Prozac Nation

I’ve misplaced my bottle of fluoxetine, commonly known by the brand name Prozac. The last time I took one was on Friday. I really should have scoured the house for the bottle, but I have been too busy.

In the past when I’ve stopped taking it, within two to three days I’m really feeling it: I’m edgy, have trouble concentrating, and generally feel down and slightly out of control. I’m not feeling that way right now. Maybe it’s just that I still have my Seroquel, which I take before bed. It helps me to sleep, and perhaps the continuing good sleep is reducing the effects of the lack of Prozac.

Anyway, I thought I’d mention it here because when I’m dealing with depression, my mood changes, and it’s usually pretty evident in my writing. So, if you see anything here that sounds depressed, let me know. 🙂

Update: I found my pills at lunch, so I’m back on track.

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5 Responses to Prozac Nation

  1. MC says:

    I took Zoloft a number of years ago for a condition unrelated to depression (although I was depressed at the time). The doctor I was seeing was a bit of a quack and he prescribed it to me “off label.” Anyway, it didn’t do anything for me, so I quit it after a couple months. That’s when the withdrawals started. For about a month, I would get what felt like mild electric shocks in my brain every few seconds. I also experienced bouts of unjustified rage stemming from nothing in particular.

    After that experience I decided that anti-depressants weren’t for me. I’ve always struggled with depression, but I’ve found the most effective treatment to be healthy food, exercise, and sunlight. (I’m convinced depression is caused, in some part, by vitamin D deficiency.)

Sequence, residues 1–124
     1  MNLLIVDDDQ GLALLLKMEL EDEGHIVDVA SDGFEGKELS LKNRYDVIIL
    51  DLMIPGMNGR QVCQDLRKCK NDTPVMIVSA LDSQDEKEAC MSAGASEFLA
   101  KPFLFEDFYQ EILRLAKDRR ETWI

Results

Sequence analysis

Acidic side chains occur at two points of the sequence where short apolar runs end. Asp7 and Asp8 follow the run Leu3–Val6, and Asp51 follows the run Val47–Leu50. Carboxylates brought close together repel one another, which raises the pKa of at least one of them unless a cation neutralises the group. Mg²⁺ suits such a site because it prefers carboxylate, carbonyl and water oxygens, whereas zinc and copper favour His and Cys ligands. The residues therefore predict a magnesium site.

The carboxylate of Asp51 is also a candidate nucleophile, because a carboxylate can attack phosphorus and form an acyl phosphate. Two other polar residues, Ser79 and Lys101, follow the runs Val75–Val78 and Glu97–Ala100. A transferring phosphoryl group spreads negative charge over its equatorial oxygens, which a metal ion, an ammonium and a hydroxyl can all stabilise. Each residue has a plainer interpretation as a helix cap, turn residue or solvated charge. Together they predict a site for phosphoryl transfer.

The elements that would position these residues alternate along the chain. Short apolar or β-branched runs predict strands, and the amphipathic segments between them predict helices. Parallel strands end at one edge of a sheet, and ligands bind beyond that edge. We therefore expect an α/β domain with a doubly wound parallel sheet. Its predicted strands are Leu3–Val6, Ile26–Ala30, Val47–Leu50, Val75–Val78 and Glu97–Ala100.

Anyway, the edginess and problems concentrating might not be from the lack of Prozac, but the withdrawal symptoms caused by immediate cessation.

  2. runtu says:

    Oddly enough, I’m taking high doses of Vitamin D and I’ve been very active in the last several months, but I would never underestimate the benefit I’ve derived from antidepressants. I am a functioning person now, and for so long I didn’t even realize how poorly I was functioning “normally.”

    No, antidepressants are not for everyone, but they certainly can help when they address a biological problem that causes depression. My life is so much better now that I’m getting treatment for my depression.

  3. Kameron says:

    Antidepressants are a tool. Like any other tool, they might not be ideal for every situation. I know people who’ve greatly benefitted from anitdepressants, and people who’ve had unpleasant experiences. But I know people who’ve stripped metric bolts using the wrong tools, y’know?

    You might want to consider a fish oil tablet along with medication. Double-blind studies show that fish oil can ease depression on its own or as an adjunct to prescription medication. Click here for tongue-spraining research abstracts:

    http://ajp.psychiatryonline.org/cgi/content/abstract/163/6/969

  4. runtu says:

    Oddly enough, I take fish oil, too. 🙂

  5. jill says:

    I hear ya on skipping anti-depressants. I missed three days of Effexor, and it was darn near “rubber room” time for me. I too am thankful for what the meds have done to make me enjoy life at last.

    After reading a book about what a disruption of electricity could do to our overall supply delivery, I realized that it would be very wise to have a month’s worth of meds in back up. It would be possible to taper off slowly, but if I only had a couple of pills left and delivery was disrupted, it would be pretty horrible.

    My psych agreed to let me fill a month’s prescription in an increase dose, so I could “stockpile” by only taking half the amount…as insurance won’t cover a back up month.

    I’ve lived in So. Calif, and in the Gulf coast; I’ve watched other states get shut down by ice storms taking out grids, and yes…your pharmacy could very easily not have anything to give you for weeks at a time. The Red Cross can’t help you at all with that issue.

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